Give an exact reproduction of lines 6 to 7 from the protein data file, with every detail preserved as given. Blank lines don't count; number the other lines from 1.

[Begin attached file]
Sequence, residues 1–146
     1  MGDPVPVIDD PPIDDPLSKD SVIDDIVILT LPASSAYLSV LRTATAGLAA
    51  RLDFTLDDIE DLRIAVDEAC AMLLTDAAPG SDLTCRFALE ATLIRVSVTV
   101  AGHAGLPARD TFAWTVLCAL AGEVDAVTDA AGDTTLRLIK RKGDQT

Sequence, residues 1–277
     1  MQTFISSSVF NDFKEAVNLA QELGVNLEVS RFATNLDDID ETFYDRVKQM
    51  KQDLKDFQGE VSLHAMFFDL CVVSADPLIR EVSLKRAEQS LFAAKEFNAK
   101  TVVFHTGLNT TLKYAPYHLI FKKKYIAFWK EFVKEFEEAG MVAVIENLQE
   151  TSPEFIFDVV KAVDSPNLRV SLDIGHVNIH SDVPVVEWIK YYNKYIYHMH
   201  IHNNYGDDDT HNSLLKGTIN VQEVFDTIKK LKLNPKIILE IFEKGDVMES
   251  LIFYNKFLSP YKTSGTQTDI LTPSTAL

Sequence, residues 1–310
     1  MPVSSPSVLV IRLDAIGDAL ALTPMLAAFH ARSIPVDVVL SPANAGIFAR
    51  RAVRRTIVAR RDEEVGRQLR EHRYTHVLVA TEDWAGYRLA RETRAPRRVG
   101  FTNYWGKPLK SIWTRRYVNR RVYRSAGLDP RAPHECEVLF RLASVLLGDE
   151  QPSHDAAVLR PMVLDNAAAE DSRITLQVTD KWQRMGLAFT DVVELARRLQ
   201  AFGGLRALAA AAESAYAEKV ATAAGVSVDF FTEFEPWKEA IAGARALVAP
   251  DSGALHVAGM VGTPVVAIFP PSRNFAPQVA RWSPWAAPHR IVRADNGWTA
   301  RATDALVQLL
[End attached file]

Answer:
     1  MQTFISSSVF NDFKEAVNLA QELGVNLEVS RFATNLDDID ETFYDRVKQM
    51  KQDLKDFQGE VSLHAMFFDL CVVSADPLIR EVSLKRAEQS LFAAKEFNAK